Chinese New Year is an annual event that has a permanent place in any Buyer’s diary. It is a holiday that sharpens focus for Buyers, who must plan around it to avoid delays and stock shortages.
Chinese New Year, also known as the Spring Festival, is the most important holiday in the Chinese Calendar. The festival celebrates the start of the Lunar Calendar, its date is not a fixed day but changes every year. For about 15 days, families come together to celebrate and spend time together from all over the country.
Chinese New Year for the Manufacturing Sector
A large proportion of factory workers are in fact migrant labourers. The number is not quite what it used to be when Guangzhou was the manufacturing hub of China. By the way, it is still significant with a large section of the 700 million people travelling back home over Chinese New Year involved in manufacturing.
While the official public holiday only lasts for seven days, the majority of factories are closed for extended periods, between two and four weeks, which is referred to as Chūnyùn (春运). This is, in fact, the largest human migration in the world.
Chinese New Year for Buyers & importers
With factories closed and most of the country off work, the wheels of China’s manufacturing behemoth grind to a halt. Even after the holiday, it takes a few more weeks to get back up to full production capacity and output.
All elements of the Chinese supply chain take a while to get back online. From general employee churn (some do not return), extended holidays to getting sub-suppliers to full production capacity it can take in excess of one month for factories to be in full production mode (and who would not predict some additional disruption given the past 18 months!).
So, what should companies buying from China (keep in mind other Asian countries also celebrate the Lunar New Year, like Vietnam and Tet) do in the run-up to Chinese New Year to manage their suppliers and lead times?
Chinese New Year – Tips for Buyers
Considering lengthy factory closures, keep the following in mind as we end the Calendar Year:
1. Staff Turnover
This period of the year is considered the best time to switch jobs in China. Often, workers will move to other factories, which compounds the issue of getting the factory up and running after CNY. As a result, many factories will not be back to full production levels for over a month after the holiday.
2. ‘Quality’ Around CNY
Before the holiday, factories rush to get orders out the door. The pressure is intense to meet deadlines and prevent delayed stock from sitting idle (does not help anyone get paid). Inevitably, under such conditions, the risk of quality defects will increase as factory managers have to find a range of creative ways to meet the ex-factory dates.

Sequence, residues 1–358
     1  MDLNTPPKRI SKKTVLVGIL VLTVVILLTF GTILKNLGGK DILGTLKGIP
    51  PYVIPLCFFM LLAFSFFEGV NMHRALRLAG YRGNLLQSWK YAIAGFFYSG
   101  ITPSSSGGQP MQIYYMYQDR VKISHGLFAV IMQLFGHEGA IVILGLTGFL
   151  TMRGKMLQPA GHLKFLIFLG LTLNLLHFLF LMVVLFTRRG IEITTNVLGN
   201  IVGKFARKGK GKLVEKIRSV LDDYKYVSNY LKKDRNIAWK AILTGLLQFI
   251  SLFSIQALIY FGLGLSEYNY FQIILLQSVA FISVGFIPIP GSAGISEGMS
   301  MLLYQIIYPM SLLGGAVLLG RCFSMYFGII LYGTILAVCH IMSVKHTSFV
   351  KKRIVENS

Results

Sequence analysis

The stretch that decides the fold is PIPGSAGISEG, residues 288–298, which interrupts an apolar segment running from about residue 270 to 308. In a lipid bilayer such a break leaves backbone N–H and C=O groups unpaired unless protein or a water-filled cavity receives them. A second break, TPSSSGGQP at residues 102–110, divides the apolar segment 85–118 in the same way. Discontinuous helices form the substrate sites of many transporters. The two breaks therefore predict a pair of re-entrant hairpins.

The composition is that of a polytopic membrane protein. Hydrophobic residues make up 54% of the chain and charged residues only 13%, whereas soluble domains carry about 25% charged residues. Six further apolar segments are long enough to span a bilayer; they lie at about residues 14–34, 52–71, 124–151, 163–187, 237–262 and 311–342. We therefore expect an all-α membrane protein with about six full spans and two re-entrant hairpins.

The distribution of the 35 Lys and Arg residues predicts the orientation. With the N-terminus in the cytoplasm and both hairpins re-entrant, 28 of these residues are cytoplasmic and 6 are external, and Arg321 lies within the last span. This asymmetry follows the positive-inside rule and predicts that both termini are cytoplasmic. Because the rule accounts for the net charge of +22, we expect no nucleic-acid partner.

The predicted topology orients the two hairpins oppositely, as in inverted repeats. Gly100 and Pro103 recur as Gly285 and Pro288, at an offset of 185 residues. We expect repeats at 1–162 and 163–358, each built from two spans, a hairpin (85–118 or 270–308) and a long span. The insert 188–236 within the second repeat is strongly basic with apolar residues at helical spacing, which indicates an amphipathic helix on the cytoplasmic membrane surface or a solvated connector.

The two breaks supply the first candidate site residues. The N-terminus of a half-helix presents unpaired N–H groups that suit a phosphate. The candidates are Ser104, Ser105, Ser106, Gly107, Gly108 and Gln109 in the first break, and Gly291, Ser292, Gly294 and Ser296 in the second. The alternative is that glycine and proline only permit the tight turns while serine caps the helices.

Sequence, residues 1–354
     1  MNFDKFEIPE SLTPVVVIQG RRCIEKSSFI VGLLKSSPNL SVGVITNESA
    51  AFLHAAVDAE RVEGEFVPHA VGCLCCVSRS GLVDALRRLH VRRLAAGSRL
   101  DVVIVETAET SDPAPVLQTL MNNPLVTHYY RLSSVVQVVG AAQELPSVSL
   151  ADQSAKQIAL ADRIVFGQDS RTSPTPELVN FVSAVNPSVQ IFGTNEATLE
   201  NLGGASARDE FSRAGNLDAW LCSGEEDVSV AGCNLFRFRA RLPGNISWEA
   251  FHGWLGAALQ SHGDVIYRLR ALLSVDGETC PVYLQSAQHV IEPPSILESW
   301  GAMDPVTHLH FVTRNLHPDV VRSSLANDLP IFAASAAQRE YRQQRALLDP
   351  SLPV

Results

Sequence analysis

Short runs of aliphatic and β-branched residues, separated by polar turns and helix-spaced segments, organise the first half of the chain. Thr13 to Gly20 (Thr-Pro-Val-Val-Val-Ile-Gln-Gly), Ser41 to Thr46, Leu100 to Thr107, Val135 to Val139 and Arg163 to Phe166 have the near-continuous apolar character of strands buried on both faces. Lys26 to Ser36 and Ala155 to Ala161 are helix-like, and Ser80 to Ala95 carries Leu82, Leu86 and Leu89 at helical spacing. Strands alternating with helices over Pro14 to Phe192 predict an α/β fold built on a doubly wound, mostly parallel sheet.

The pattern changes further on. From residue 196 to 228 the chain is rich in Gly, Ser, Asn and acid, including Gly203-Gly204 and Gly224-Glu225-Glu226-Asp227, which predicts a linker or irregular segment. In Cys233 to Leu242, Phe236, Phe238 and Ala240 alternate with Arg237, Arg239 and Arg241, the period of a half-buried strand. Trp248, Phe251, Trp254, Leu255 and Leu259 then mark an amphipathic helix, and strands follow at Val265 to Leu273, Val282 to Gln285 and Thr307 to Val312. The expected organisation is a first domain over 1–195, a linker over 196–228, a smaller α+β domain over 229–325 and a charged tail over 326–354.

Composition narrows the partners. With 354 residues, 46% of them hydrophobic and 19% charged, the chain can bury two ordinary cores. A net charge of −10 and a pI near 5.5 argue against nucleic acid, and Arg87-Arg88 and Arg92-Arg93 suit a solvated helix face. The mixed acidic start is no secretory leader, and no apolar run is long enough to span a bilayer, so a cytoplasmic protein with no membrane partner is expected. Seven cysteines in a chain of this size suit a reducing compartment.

Similarly, after the holiday, there may be less experienced employees in the factory. This is because HR managers need to recruit new staff for those that did not return. Again, the risk of quality defects may rise, although with the right supplier and quality program in place, this can be avoided. For example, making sure more frequent product inspections are implemented around before and after the holiday will provide greater visibility and reassurance around product quality.
3. Shipping Costs
Freight rates have had a remarkable run in 2021, much to the detriment of importers and retailers, although they have softened into Q4. Chinese New Year always presents a ‘cliff-edge’ for companies looking to ship prior to the holiday and you can therefore anticipate a spike in rates.
Every year, Chinese factories push for payments early to pay their staff bonuses and collect as much cash prior to the holiday. Just be careful, particularly when paying deposits or advances for stock not yet shipped. This is the time of year in which most Chinese factories close down permanently.
5. Chinese New Year 2022
February 1st, 2022 is the first day of the “Year of the Tiger.” The official government holiday lasts from January 31st through February 6th. However, some factories will close earlier in January. So check now with your factory contacts to get their exact closure dates.
A New Year’s Bounce
No Buyer wants to have no stock. So how should companies approach Chinese New Year when it comes to manufacturing in China?
Clearly, planning is central to the solution. For any shipments targeted to land in April and May, you would typically start cutting purchase orders this month. However, due to all the Covid-related supply chain bottlenecks in 2021, many experienced buyers have already placed their orders this time around. Communication is a central part of being able to plan. Make sure you are aware of when your suppliers and their suppliers are shutting down this coming Chinese New Year.
Also, often the period immediately post Chinese New Year for factories can be slow both as factories ramp up capacity, but also a result of customers already being stocked up. If it works for your purchasing cycles, using this downtime to produce your products can present benefits (price and capacity available for you) as offseason orders.
Lastly, remember that the sourcing landscape extends beyond China. Although the Lunar New Year is celebrated in other Asian countries where you may have manufacturing partners (Vietnam, South Korea, Indonesia etc), the holidays generally tend to be less imposing. Also, look for Near Shore alternatives, like Turkey for Europe.
Make sure you communicate with your partners across Asia when it comes to the Lunar new year, particularly in China. If you need support in this area or just some help on the ground, we are here to help. Contact us at email@example.com.